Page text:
Why the NSPCC is getting Ambitious about Autism - YEP opinion

I would like to talk about a new partnership between Net Aware, our website run in partnership with O2, and Ambitious about Autism.

Wednesday, 14th April 2021, 11:45 am
The NSPCC has lots of activities around safe online friendships. Picture: Getty Images.

In this week’s column, I would like to talk about a new partnership between Net Aware, our website run in partnership with O2, and Ambitious about Autism.

A collaboration which aims to share online safety advice specifically for parents and carers of children with Special Educational Needs or Disabilities (SEND).

This is an exciting partnership which has been shaped by parents of children with a range of special educational needs such as dyslexia, autism and speech and language difficulties.

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Being online can be positive for children and young people, including those with additional needs.

This past lockdown year has certainly shown that. And as parents or carers, we have an important role in helping to make sure our children have a positive experience online.

When your child has additional needs, your role can be even more important, and it can feel like a lot of responsibility when you hear about some of the risks young people face online.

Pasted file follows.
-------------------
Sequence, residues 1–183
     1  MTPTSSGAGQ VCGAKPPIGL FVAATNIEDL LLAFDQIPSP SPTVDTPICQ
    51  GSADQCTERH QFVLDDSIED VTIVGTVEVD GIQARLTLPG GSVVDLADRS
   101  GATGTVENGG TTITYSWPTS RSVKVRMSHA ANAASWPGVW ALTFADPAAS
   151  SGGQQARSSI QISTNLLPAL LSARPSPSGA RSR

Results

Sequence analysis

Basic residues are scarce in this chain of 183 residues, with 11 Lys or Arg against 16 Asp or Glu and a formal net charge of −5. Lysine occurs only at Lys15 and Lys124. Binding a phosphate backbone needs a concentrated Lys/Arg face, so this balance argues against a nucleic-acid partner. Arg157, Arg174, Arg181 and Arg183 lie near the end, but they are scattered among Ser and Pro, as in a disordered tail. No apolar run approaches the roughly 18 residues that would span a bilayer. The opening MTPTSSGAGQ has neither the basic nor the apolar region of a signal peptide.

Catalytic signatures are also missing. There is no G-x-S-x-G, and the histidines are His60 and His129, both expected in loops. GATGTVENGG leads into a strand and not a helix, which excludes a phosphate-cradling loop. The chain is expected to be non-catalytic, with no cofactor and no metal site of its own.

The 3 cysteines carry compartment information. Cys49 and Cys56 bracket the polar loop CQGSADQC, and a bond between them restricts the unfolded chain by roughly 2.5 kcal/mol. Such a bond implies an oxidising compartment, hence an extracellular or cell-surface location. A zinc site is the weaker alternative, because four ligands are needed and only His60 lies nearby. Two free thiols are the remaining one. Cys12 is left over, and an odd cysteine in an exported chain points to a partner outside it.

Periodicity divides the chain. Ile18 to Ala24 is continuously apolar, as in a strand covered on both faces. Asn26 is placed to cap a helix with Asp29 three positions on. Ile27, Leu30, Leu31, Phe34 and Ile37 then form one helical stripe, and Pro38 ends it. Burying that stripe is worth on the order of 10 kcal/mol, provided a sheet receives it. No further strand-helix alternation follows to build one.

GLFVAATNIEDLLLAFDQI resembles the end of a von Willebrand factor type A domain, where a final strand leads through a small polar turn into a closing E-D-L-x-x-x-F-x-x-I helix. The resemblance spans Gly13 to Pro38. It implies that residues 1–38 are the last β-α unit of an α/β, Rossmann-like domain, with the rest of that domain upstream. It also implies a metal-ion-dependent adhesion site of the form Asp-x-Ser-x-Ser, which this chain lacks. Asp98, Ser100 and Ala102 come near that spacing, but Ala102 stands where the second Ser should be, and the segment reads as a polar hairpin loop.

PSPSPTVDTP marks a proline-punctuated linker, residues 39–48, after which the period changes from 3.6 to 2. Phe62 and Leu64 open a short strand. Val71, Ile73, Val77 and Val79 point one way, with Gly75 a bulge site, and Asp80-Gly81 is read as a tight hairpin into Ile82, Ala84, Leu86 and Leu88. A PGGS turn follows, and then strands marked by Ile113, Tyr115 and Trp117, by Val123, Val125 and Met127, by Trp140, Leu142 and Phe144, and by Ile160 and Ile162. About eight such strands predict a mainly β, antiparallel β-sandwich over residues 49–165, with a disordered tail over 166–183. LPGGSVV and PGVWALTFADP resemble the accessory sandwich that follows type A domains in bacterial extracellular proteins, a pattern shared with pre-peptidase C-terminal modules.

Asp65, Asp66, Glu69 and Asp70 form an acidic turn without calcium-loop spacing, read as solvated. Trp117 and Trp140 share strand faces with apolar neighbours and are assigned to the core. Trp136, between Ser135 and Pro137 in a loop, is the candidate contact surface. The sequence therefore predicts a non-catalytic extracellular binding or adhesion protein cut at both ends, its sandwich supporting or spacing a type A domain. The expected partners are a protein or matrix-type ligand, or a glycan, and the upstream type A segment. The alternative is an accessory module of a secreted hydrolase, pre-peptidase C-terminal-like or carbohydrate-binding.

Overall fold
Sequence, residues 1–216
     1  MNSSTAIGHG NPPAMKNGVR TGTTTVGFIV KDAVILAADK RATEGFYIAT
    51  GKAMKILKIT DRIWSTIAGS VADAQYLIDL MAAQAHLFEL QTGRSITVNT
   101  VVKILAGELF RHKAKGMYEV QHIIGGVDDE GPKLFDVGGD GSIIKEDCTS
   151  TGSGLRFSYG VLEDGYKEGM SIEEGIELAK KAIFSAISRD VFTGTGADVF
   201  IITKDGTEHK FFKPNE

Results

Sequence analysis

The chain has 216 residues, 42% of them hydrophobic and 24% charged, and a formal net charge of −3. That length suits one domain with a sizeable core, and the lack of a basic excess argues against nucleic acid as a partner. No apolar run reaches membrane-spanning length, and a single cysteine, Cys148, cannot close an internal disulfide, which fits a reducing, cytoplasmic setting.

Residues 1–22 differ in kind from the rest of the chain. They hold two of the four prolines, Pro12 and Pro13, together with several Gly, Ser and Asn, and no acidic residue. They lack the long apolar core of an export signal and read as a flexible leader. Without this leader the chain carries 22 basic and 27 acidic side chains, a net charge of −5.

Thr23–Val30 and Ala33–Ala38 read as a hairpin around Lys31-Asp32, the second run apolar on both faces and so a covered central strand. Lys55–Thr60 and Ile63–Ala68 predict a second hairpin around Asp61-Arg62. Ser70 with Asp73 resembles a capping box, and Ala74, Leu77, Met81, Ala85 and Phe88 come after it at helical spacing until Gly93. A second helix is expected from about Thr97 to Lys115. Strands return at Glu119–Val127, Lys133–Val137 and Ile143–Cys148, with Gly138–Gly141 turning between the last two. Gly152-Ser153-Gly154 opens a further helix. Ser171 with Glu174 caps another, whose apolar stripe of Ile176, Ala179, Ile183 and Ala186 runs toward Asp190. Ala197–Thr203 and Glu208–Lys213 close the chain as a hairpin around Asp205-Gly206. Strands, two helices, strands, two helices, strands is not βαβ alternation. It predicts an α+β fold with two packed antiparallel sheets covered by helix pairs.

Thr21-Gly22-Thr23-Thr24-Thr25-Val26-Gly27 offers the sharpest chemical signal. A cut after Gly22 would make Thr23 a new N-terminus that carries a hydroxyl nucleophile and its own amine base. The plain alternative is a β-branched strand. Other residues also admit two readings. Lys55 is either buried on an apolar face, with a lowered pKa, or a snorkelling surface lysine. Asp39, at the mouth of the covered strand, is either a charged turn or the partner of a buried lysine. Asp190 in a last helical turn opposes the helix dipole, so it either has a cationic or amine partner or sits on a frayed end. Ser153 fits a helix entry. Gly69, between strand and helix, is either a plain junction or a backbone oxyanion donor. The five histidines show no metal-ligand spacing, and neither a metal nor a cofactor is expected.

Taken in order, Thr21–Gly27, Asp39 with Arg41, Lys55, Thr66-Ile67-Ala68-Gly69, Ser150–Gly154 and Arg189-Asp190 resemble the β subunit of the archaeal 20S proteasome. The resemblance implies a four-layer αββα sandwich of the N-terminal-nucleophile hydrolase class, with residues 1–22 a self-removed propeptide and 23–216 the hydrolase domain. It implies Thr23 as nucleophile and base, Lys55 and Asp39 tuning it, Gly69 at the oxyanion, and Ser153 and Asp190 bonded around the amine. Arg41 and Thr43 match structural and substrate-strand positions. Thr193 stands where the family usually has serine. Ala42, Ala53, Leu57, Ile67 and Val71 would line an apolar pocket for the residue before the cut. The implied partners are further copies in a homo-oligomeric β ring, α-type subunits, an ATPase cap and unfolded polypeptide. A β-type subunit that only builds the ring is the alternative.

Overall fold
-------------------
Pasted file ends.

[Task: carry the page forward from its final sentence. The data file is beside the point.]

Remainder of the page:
So, we have created a SEND Hub on our Net Aware site which has lots of advice, contributions from parents’ real life experiences and useful tools such as downloadable photo symbols to help have online safety chats. Social media can have a real draw for children and young people. However, the ‘unwritten rules’ of social media can be very confusing. This can be especially difficult for young people with SEND. Children know that saying unkind words isn’t a nice thing to do. But the difficulty is that social media can be more subtle in the way it can cause upset. Children can exclude others from groups online or on group chats. And sometimes something as little as not commenting on or liking a photo can cause an argument. So as parents and carers it is important we talk to our children about their understanding of the ‘unwritten rules’ of social media and talking to people online. Often without tone and body language, it can be difficult to understand what someone is trying to say or how you are being perceived.

I really wanted to highlight that the new SEND Hub also features real life tips and advice from parents and carers.

On the Net Aware Send Hub there are also lots of activities to try, designed in partnership with Ambitious about Autism, for example, around online friendships, sharing personal details and even a quiz that can help you talk about online safety. Please do give them a try. And remember you can find more information about your child’s wider online world and the most popular apps, sites and games they’re using at www.net-aware.org.uk